Citizenfour, Ed Snowden, MI-5, Homeland, and Scandal

MI-5 is the British domestic intelligence agency. It is also the American title of an immensely popular British TV series (Spooks) that ran for ten seasons from 2002 through 2011. The series gives the viewer an inside look at the Brit agency and is likely the inspiration for two American series – Homeland and Scandal. Both American series have women in the leading roles. Homeland’s bipolar Carrie Mathison takes us on harrowing adventures as an international CIA’s operative and Scandal’s Olivia Pope, is the Washington “fixer” and conflicted daughter of Command, the leader of a fictional, shadowy agency (B613) charged with the clandestine protection of “the Republic.” All three series give us putative looks at the intrigue within the various spy agencies. Charged with our protection from nefarious external agents, they often reveal the inherent temptations of using evil to fight evil.

This year the three TV dramas were upstaged by the tense real life melodrama of Edward Snowden and his revelations of America’s worldwide surveillance apparatus as well as his Bourne-like escape from Hawaii to Hong Kong and eventually to sanctuary in Russia.


Citizenfour is Laura Poitras’ feature length film documenting Snowden’s journey, intellectual and physical, from relatively minor technical analyst at the CIA to his elevation as a lead technologist for the National Security Administration’s information sharing office, his subsequent disillusionment and decision to leak information on the surveillance and his belief that the agency’s program exceeded its legal authority and was therefore unconstitutional.

I’ve struggled to decide whether Snowden is a traitor or a hero, but there is no question that he is a genius. He outwitted, out maneuvered, and out played the CIA, NSA, and FBI in executing his plan to collect and disseminate information on the overreaching extent of NSA spying on US and world citizens while managing to escape detection and capture – or death – at the hands of the agencies involved.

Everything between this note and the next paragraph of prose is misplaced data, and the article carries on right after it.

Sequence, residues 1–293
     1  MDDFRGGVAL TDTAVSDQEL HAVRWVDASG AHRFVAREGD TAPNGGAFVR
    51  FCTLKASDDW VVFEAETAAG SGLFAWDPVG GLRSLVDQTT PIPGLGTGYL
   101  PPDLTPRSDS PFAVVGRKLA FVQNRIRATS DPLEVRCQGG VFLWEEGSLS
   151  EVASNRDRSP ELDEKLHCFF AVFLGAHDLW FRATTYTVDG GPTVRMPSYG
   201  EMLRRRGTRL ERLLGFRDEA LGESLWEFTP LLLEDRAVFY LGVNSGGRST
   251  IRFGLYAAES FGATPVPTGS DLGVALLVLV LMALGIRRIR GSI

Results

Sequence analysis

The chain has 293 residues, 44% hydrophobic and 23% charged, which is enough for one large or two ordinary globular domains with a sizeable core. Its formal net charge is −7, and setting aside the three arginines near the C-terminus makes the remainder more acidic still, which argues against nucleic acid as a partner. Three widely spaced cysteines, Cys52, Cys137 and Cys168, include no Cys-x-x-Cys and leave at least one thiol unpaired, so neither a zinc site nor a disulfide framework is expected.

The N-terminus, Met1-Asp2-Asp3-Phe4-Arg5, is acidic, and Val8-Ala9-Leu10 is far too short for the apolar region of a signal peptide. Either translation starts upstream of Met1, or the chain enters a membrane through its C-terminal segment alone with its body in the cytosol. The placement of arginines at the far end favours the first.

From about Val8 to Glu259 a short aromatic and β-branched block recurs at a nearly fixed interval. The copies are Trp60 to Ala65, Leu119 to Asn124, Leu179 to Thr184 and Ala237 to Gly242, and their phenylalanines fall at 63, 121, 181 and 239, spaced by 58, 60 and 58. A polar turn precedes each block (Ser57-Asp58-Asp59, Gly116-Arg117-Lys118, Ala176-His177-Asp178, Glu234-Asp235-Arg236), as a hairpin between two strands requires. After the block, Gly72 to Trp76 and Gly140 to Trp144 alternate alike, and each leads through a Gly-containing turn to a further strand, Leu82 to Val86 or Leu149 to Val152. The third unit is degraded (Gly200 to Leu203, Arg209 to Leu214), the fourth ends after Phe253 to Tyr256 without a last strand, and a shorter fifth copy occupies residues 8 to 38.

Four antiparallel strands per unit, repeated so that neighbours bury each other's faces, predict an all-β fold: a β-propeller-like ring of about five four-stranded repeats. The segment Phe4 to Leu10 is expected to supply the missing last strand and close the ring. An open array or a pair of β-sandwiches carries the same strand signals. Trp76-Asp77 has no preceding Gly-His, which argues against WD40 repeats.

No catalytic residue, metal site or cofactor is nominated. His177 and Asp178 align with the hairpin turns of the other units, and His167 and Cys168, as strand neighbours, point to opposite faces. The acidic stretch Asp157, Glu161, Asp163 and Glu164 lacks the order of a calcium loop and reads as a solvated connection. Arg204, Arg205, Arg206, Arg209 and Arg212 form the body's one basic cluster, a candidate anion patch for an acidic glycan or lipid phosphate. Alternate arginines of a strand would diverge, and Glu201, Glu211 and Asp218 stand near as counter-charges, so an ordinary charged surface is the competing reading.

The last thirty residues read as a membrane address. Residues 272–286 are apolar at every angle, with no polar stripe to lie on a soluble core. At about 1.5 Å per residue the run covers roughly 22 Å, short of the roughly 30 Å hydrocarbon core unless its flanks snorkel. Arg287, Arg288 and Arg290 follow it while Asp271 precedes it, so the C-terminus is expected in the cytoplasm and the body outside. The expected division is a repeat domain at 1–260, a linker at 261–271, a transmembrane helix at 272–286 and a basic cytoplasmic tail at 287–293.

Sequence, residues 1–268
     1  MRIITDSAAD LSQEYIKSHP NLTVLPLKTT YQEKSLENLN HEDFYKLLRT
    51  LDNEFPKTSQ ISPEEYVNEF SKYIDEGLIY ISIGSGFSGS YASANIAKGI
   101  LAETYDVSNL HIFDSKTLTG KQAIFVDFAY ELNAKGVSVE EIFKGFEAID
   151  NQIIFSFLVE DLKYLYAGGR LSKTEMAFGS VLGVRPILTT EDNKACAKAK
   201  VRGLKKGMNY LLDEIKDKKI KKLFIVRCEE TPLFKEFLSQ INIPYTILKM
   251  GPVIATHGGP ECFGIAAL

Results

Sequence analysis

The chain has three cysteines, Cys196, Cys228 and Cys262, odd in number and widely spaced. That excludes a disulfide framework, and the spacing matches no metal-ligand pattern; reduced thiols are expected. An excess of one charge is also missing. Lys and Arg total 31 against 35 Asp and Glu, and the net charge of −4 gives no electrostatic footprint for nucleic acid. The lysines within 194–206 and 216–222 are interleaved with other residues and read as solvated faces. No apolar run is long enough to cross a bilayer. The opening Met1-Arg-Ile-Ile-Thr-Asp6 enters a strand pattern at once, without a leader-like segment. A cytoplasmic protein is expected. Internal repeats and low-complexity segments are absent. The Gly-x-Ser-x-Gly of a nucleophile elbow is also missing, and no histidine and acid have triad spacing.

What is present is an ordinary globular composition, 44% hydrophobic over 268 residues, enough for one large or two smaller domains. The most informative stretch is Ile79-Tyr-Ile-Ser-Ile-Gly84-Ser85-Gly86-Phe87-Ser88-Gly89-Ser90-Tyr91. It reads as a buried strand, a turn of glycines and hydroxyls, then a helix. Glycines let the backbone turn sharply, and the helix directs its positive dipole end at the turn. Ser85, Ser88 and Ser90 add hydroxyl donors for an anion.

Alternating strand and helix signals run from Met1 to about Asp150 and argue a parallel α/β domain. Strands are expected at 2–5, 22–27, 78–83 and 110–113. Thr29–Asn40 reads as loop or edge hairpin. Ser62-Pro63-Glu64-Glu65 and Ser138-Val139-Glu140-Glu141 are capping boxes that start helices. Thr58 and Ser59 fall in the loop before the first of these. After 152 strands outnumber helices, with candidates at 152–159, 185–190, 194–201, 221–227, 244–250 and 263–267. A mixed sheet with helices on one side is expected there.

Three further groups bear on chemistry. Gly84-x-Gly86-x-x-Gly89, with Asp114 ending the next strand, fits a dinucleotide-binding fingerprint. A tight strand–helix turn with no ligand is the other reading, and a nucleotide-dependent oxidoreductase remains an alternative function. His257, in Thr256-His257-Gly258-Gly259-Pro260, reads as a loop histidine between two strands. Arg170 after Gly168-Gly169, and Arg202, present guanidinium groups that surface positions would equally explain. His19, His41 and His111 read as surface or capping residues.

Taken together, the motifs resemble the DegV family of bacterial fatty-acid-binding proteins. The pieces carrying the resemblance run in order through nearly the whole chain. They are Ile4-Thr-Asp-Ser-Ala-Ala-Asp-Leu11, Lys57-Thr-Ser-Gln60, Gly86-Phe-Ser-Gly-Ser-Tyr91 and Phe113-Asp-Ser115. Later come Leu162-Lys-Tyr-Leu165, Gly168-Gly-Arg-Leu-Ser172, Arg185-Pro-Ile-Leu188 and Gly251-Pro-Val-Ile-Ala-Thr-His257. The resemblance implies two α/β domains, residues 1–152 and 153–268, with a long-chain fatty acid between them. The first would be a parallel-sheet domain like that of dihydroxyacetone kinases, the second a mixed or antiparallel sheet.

Citizenfour claims that Snowden tried to alert co-workers and superiors to the dangers and violations of the NSA programs but was discouraged from pursuing it and warned about the danger to himself if he did. I agree that he would have been in mortal danger if he had gone further. Had he been regarded as a threat to the programs or agencies involved he would likely have met with lethal consequences. In fact, he was so meticulous and secretive in the planning and in selecting Poitras and Glenn Greenwald of The Guardian as his conduits they had no idea who he was until they met in a Hong Kong hotel room. Had the CIA discovered him prior to that actual moment no one would have known his identity or intention and I am sure he would have met with a fatal accident. The Marine officer in me regards his leaks and revelations as traitorous, but the Berkeley-trained lawyer admires his courage and perseverance as an example of selfless citizenship.


The jury is still out on this question, but watching the film it is hard not to admire Snowden. He willingly sacrificed his own comfort and future to bring this information to the world. I don’t see an upside for him. He was clear, as it was unfolding, that he did not want the story to get derailed and become about him. It was about the information he was sharing through his chosen journalists that was of primary importance.

Even his escape from Hong Kong was a masterpiece of spycraft. With the world focused on him and his revelations he managed to escape detection, spend over a month in Hong Kong, set up a diversionary ticket to South America, negotiate some sort of safe passage arrangement, and slip out of town on a commercial flight to Moscow – all after the US had canceled his passport.

It’s difficult to imagine that life as an exile, in Russia, is what Mr. Snowden wants. He is only 31 years old and though his longtime girlfriend, Lindsey Mills, has joined him there (the film shows them through the window of their hideaway) it must be stifling to be Putin’s pawn and prisoner with no plausible escape lanes. I have a lot of admiration for Snowden, not the least of which is because he was able to use Julian Assange to move his exile status forward without becoming an instrument of Assanges’ media machine.

MI-5 is my favorite TV series of all time. It is tense, compelling, believable, and well acted. Snowden’s story would have fit perfectly within its outline. MI-5’s TV run is over, but Snowden’s journey is not. I for one will be watching and hoping that he does not meet with an untimely accident as a result of his actions.

Citizenfour is a must see look at the Snowden affair. Protecting the country from terrorists is tricky business. It requires constant vigilance and sometimes it’s difficult to tell the good guys from the bad, but the constitution protects us as well.  Citizenfour offers one perspective on Edward Snowden.  Hero or traitor? Maybe he’s both. See the film and come to your own conclusion.



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